Backroom deals and elasticity clause increase public cost of Cop City

As a proposed funding ordinance for the initial construction plans of the Atlanta Public Safety Training Center, better known as Cop City, works its way through Atlanta City Council, new information suggests the ordinance could come with a total price tag of $51 million in public funds, instead of the $30 million that city officials promised since 2021. 

On May 15, hundreds of people came out to City Hall to speak out against the public funding of Cop City. Nearly 300 people signed up to speak against the proposal, with no public comment in favor of it. Due to the large response, an estimated 100 people were in line, but unable to sign up to speak before the sign-up period ended. 

After more than seven hours of public comment against the funding package, District 9 City Council Member Dustin Hillis introduced the ordinance that, if approved, authorizes the allocation of a total of $31 million from the city of Atlanta to the Atlanta Police Foundation (APF) for the construction of Cop City. The ordinance is cosponsored by Council Members Byron Amos, Marci Collier Overstreet, Howard Shook, Matt Westmoreland and Mary Norwood. 

The ordinance, 23-0-1257,  also authorizes the mayor to enter into a lease back agreement with APF. This lease back agreement will allow the Atlanta Police Department and Atlanta Fire Rescue Department to use the facility for training purposes after the initial phase of construction is complete. 

As written, the ordinance seems to fall in line with the $30 million public cost of the training center promised in 2021, with just one additional $1 million line item for the construction of a gymnasium. Due to a lack of limitations on the terms of the lease back agreement, however, the actual cost to the public of this ordinance may be over $51 million.  

Section nine of the ordinance states, in part, upon adoption, “Mayor [Andre Dickens], Chief Financial Officer [Mohammed Balla] and other appropriate officers… are hereby authorized to… execute and deliver all such documents, certificates or agreements as may be necessary… to consummate the transactions contemplated hereby, including, but not limited to, the lease-back agreement.” 

This clause allows Mayor Dickens to sign a lease agreement that includes annual payments to the Atlanta Police Foundation. These annual payments are in addition to the $30 million payment allocated to APF in the FY23 budget by the proposed ordinance and the $1 million payment from the public safety impact fee fund.  

The ordinance’s only stipulation on the terms of the leaseback agreement Mayor Dickens would be authorized to make with APF is that it must be approved by the City Attorney.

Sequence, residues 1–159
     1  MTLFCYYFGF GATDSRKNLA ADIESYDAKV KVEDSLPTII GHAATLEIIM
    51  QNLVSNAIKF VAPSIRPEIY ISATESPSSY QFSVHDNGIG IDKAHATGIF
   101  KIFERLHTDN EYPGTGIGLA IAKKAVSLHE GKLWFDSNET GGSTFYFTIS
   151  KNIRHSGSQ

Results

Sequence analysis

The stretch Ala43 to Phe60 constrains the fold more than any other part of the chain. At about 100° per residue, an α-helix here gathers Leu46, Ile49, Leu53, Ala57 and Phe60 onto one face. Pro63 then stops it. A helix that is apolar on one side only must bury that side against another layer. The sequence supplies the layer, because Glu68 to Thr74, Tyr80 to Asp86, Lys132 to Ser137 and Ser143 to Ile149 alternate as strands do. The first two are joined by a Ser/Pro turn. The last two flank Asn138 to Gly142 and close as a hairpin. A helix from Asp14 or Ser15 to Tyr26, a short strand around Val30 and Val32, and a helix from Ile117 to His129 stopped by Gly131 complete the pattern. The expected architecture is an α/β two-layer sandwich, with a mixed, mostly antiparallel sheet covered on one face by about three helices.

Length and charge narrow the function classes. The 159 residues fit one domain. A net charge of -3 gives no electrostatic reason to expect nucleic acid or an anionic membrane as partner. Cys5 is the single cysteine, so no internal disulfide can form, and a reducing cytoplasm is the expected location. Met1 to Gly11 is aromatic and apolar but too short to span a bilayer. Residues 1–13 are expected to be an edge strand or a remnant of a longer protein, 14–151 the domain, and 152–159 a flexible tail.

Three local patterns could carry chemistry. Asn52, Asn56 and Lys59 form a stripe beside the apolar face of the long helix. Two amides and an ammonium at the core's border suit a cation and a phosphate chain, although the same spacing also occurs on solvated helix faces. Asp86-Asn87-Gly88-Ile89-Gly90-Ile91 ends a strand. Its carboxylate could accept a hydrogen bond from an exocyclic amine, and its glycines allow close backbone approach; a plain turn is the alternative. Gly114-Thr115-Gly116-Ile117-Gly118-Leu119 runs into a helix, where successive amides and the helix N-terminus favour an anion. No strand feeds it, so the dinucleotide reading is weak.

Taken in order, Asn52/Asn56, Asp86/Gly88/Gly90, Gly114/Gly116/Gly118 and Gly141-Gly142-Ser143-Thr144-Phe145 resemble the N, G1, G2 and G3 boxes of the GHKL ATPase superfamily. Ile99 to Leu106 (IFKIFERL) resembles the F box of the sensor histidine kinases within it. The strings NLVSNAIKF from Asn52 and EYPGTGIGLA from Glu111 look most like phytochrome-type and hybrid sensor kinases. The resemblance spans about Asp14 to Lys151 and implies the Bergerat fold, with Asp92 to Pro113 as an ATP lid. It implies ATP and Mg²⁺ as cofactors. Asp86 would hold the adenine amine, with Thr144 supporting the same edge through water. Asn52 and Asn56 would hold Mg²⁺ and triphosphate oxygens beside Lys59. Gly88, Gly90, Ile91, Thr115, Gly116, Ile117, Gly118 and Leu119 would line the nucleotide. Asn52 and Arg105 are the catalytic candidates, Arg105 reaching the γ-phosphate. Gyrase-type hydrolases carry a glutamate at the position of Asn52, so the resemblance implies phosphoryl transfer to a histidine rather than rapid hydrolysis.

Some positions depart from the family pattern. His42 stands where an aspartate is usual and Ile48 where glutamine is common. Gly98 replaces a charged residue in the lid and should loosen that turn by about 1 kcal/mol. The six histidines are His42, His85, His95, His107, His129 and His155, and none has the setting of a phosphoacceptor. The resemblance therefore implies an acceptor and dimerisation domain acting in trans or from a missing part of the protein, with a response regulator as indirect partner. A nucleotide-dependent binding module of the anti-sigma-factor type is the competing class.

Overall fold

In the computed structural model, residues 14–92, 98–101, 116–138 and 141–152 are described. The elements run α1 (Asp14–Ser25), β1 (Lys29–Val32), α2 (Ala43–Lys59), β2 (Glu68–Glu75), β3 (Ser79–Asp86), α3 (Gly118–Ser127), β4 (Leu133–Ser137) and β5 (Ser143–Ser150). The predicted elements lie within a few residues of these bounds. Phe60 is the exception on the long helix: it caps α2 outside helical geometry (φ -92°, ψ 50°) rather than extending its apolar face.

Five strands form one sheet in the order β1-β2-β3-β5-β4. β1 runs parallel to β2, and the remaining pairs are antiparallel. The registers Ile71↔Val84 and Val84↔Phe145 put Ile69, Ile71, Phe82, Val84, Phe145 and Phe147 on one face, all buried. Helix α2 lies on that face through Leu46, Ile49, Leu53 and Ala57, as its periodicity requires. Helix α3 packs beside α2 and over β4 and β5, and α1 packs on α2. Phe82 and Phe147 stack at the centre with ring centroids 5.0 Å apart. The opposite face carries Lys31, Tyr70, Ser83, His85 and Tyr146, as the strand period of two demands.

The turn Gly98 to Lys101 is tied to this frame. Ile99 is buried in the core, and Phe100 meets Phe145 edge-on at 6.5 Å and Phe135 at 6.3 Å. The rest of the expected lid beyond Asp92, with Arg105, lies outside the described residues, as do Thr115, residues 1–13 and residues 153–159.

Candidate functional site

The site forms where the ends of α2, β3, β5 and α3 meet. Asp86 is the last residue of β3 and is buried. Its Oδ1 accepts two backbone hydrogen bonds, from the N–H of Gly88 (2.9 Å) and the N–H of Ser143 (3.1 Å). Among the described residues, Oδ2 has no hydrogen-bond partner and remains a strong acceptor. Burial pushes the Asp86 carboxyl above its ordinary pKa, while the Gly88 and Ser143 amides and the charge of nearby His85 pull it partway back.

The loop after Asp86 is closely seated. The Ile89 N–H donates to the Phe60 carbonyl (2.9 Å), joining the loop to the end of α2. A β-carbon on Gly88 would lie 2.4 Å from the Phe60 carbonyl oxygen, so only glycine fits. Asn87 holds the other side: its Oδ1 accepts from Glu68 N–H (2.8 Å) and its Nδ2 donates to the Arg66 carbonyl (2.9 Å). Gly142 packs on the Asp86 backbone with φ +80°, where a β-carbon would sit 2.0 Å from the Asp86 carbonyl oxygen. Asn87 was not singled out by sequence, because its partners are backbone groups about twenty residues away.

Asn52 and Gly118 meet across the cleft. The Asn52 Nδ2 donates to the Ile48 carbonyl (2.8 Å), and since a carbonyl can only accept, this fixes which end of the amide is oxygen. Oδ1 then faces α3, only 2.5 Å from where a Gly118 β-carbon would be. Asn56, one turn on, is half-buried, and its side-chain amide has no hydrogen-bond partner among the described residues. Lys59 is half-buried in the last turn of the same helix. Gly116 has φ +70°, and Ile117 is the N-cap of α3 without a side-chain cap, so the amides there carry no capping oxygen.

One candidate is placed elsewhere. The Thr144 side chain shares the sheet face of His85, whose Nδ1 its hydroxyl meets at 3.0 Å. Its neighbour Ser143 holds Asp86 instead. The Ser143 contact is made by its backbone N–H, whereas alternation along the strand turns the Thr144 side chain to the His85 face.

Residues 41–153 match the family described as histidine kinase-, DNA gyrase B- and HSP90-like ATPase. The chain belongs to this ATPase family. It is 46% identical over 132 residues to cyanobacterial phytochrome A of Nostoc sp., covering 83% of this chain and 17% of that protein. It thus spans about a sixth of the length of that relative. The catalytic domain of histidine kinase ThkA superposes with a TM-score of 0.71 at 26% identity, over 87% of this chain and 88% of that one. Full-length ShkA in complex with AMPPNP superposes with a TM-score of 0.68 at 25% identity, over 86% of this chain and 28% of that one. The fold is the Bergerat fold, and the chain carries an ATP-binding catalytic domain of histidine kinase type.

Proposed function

This functionally creates a blank check for Mayor Dickens to hand to APF through annual lease back payments. 

The Mayor’s Blank Check  

On Sept. 8, 2021, City Council approved the lease of the Old Atlanta Prison Farm to APF for Cop City. The same day, then-Mayor Lance Bottoms issued a press release that included a statement about the allocation of public funds to build Cop City. She said, “the City’s contribution will be through a 30-year $1 million per year lease starting in FY24 or [emphasis added] a single contribution through a general obligation bond.” 

Less than two months later, city officials and APF representatives opened conversations about funding Cop City through both an annual lease and a large, single contribution from the city. 

On October 31, 2021, Chief Operating Officer for the Bottoms’ Administration Jon Keen, sent an email to Marshall Freeman (APF’s Chief Operating Officer at that time), Dave Wilkinson (APF CEO and President) and LaChandra Burks (Deputy Chief Operating Officer for the Bottoms’ administration).  

Email from Jon Keen to Dave Wilkinson, Marshall Freeman and LaChandra Burks

 In the email, Keen discusses the “key points that we would plan to convey as we discuss the [30 million lump sum payment] with Council Members” and includes breakdown of the funding plan for the Training Center: $30 million to be raised from philanthropic funding, $10 million from federal New Market Tax Credits acquired by the APF, a $20 million private construction loan to APF, and $30 million in public funds from the City of Atlanta.  

Next to the $20 million loan item, a note states that the loan will be “repaid by a 20-year lease back from the city at $1 million per year.” 

In subsequent emails from late 2021, Keen and Freeman tweaked their plans to present the information to City Council. On November 2, 2021, Freeman sent Keen an email saying, “Jon, Dave and I discussed this at length. Please see attached with edits.” The email includes an updated slide deck that shows the $30 million contribution from the City increased to $35 million to fund “Phase II” of construction plans. Phase II of Cop City construction is slated to include public parkland development, the building of a new E911 operations center and additional training facilities for AFRD.  

Email from Keen to Wilkinson, Freeman and Burks on how to pitch funding plans to City Council

In the final email in the chain, Keen restates the funding plan with the additional $5 million increase in the lump sum payment from the city. Keen concludes the email by stating “To avoid the lease back requirement and to complete all…phases of proposed facilities / improvements, the [lump payment from the city] would have needed to include approximately $50 million in funding for the [the Training Center].” 

The result of these conversations with Council members following this email exchange between Keen and Freeman in November 2021 was 21-R-4320, a resolution adopted by City Council in December 2021 that allowed the Atlanta CFO to identify optimal funding sources for the $35 million APF said it needed to add the public parkland, E911 center and fire safety training facilities.